The recent inauguration in Bolivia of indigenous leader Evo Morales is being interpreted by many as a sign of a hemispheric lurch to the left. Indeed, with 12 presidential elections in 14 months, 2006 could well be a watershed for the region, recasting US policy toward its neighbors.
Yet, characterizing the region as hopelessly drifting away from US interests or as uniformly jettisoning the market economy "model" underestimates the complexity of both US relations and democracy in the region.
To look at what will be the most intense election year in Latin American history as a question of left-right orientation misses important differences among the leaders and obscures the democratic progress that many of these electoral contests represent. For many countries, the dozen presidential contests that started with Honduras last November will be a stable exercise in popular will. In only two of the countries, Nicaragua (November 2006) and Venezuela (December 2006), have observers raised questions about the fairness of the electoral process.
Throughout the region, candidates of both the left and the right are placing greater emphasis on reducing poverty and income inequality, a democratic reflection of growing popular concerns over economic security. But these demands should not be confused with a widespread rejection of the market economy model. According to Latinobarometer surveys, 63 percent of the citizens in the region agreed that the market economy was the only means to develop their countries.
For the most part, election results this year will bear out such public sentiment. In Chile, Mexico, Colombia, and Brazil - four of the closest friends of the United States - elections have already or probably will produce governments that will persist on their current path of fiscal responsibility and continued integration into the global economy. It's too early to tell what will be the outcome of Peru's presidential election in April.
In Chile, socialist Michelle Bachelet won the Jan. 15 runoff election and, if anything, represents the political establishment in Chile. A member of the center-left coalition that has governed Chile since the country's transition to democracy, President-elect Bachelet has demonstrated her moderate credentials as the health and defense minister in the previous government. On the campaign trail, before becoming Chile's first elected woman president, Ms. Bachelet repeatedly emphasized her commitment to following and expanding the pro-market, free-trade economic model pursued by the past three governments.
Since assuming office five years ago in Brazil, President Luiz Inácio Lula da Silva has also proven to be a market champion, sticking to the orthodox fiscal and trade policies pursued by his predecessor. Despite corruption scandals, the one-time labor leader is still the candidate to beat in October 2006.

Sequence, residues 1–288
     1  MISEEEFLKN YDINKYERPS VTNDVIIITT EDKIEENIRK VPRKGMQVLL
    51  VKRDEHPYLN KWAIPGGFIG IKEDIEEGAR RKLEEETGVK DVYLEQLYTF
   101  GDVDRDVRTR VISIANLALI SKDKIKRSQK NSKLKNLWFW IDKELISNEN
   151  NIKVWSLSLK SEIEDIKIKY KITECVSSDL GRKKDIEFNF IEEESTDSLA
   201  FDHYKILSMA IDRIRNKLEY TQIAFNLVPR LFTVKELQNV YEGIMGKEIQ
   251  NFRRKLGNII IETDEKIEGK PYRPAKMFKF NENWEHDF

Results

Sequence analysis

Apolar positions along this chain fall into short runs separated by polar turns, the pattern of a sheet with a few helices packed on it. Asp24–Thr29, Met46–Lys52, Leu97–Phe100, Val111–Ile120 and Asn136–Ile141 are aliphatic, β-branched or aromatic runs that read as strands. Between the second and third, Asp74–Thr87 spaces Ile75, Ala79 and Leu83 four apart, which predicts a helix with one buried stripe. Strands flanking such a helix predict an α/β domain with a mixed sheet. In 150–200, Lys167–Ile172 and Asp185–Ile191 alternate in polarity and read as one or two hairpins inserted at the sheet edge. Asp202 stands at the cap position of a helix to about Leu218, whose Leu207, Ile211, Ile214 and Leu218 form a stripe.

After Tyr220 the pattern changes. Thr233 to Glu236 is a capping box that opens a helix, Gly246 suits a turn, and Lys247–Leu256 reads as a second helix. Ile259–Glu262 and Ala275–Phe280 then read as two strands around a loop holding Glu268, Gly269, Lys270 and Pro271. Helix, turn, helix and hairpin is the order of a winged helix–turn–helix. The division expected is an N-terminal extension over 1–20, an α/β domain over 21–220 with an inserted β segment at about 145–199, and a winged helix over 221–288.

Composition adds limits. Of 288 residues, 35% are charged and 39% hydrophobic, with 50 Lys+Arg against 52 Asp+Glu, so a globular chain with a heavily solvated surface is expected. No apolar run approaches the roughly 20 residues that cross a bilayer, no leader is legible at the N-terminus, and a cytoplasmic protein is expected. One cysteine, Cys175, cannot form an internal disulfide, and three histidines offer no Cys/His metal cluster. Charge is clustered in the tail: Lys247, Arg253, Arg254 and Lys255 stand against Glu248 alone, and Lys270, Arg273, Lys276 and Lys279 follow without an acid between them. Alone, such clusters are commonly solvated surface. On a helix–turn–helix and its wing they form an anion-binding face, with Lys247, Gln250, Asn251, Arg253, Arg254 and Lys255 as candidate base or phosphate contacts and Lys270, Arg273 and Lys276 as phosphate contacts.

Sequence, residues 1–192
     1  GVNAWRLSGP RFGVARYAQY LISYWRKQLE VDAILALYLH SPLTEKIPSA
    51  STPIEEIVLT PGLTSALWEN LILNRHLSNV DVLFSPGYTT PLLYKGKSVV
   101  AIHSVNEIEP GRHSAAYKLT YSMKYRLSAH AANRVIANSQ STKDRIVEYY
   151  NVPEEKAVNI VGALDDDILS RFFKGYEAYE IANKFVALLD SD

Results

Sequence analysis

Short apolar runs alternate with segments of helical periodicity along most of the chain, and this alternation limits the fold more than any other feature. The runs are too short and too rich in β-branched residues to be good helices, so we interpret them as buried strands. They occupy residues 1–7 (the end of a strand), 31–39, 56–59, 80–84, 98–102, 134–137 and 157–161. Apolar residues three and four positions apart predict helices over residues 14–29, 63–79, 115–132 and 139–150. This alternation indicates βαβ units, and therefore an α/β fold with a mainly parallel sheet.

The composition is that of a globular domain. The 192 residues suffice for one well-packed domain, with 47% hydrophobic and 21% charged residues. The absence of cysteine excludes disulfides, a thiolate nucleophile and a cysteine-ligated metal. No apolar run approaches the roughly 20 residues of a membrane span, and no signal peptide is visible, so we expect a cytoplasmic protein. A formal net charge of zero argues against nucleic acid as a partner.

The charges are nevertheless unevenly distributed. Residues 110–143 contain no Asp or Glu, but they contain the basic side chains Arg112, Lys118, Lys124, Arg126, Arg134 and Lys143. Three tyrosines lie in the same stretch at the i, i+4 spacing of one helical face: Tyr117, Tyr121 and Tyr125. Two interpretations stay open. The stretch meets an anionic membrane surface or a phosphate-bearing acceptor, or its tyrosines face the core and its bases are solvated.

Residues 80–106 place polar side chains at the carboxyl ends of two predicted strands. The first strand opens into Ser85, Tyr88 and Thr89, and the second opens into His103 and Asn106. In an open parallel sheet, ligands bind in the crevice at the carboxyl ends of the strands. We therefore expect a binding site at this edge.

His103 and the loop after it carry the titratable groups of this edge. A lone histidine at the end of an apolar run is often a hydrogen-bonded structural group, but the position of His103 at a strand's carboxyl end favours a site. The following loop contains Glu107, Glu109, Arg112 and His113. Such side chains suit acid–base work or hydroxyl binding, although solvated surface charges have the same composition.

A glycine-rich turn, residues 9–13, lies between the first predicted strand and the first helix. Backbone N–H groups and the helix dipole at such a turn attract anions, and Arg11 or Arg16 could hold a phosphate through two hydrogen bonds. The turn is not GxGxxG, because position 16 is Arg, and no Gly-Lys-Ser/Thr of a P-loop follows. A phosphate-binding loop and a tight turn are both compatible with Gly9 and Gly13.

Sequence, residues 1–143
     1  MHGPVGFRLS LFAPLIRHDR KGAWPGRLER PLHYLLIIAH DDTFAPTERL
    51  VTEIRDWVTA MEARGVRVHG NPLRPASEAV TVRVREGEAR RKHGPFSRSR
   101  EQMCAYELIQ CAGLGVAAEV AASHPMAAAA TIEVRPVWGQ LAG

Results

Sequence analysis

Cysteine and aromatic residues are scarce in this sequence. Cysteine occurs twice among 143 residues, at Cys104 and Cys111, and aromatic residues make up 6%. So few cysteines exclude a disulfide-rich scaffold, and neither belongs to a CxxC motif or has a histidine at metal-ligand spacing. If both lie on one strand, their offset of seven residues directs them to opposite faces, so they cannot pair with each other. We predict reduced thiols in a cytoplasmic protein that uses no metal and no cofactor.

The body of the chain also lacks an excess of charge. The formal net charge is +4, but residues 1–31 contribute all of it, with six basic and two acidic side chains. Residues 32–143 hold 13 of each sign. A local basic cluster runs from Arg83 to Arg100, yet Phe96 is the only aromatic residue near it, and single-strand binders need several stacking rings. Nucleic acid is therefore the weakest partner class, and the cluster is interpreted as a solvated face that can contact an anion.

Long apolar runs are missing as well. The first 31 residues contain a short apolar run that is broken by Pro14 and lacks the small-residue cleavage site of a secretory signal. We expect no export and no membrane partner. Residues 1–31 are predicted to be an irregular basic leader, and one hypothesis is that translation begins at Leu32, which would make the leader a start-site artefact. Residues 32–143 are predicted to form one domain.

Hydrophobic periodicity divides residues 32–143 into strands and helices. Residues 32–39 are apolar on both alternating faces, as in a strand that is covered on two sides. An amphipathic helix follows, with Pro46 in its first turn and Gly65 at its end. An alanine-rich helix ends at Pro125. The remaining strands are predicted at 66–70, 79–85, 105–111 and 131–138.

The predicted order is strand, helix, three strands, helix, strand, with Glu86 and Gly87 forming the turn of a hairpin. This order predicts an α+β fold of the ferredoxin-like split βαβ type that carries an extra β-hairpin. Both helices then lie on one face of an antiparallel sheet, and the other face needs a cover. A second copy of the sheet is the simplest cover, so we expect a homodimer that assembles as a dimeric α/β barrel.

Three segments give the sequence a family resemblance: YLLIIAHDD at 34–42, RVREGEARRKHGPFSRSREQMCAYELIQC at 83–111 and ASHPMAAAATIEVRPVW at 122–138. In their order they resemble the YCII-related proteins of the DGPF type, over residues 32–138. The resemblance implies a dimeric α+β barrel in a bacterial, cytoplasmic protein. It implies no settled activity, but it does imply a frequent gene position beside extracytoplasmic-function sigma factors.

Of the others leading in the polls, the greatest question mark is Andrés Manuel López Obrador. In his administration and campaign, the former mayor of Mexico City has demonstrated both pragmatic and populist tendencies in his politics and in his rhetoric. Nonetheless, Mexico's membership in the North American Free Trade Agreement (NAFTA) and the close integration of the country's economy with the economies of its northern neighbors will limit any future Mexican president's latitude in fiscal and economic matters.
Bolivia is a different matter. It is too early to know the direction in which President Morales will take the country. But beyond a stated commitment to addressing poverty, there is little that unites the left-wing Bolivian president to the new president of Chile or candidates in Mexico and Brazil. During his campaign, the leader of street protests that brought down two governments promised to renationalize gas fields held by international investors and to end the US policy to eradicate coca, the leaf used to produce cocaine. These positions, and his close relationship to Venezuelan president Hugo Chávez and Cuban president Fidel Castro, have caused consternation throughout the region.
Now facing the responsibility of working with international investors and regional governments, the newly elected president will have to balance his ambitious promise to restore Bolivian natural resources to local ownership with the need to ensure a steady flow of capital to support much needed social programs.
As the hemisphere embarks on this election year, US policy must be designed to keep open avenues of discussion with emerging candidates and newly elected leaders, some of whom, at first blush, may not reflect every aspect of the US policy agenda. Part of this process, for policymakers and observers alike, is not to exaggerate this leftward drift. Rather than focus on the region in the aggregate or through an ideological lens, the US should examine the complex political, economic, and even personal relations and interests in each country.
In the end, elections in the hemisphere will produce governments with which the US will share more in common than not. The trick will be to remain engaged with those governments as they tackle the difficult problems of addressing structural poverty, exclusion, and inequality with respect for democratic institutions and rights. Ultimately, it is a practical - not ideological - decision each country will have to make; one which, if done democratically, deserves US support.
• Christopher A. Sabatini is senior director for policy of the Americas Society in New York. Eric Farnsworth is vice president of the Council of the Americas in Washington and a former White House foreign policy adviser from 1995-98.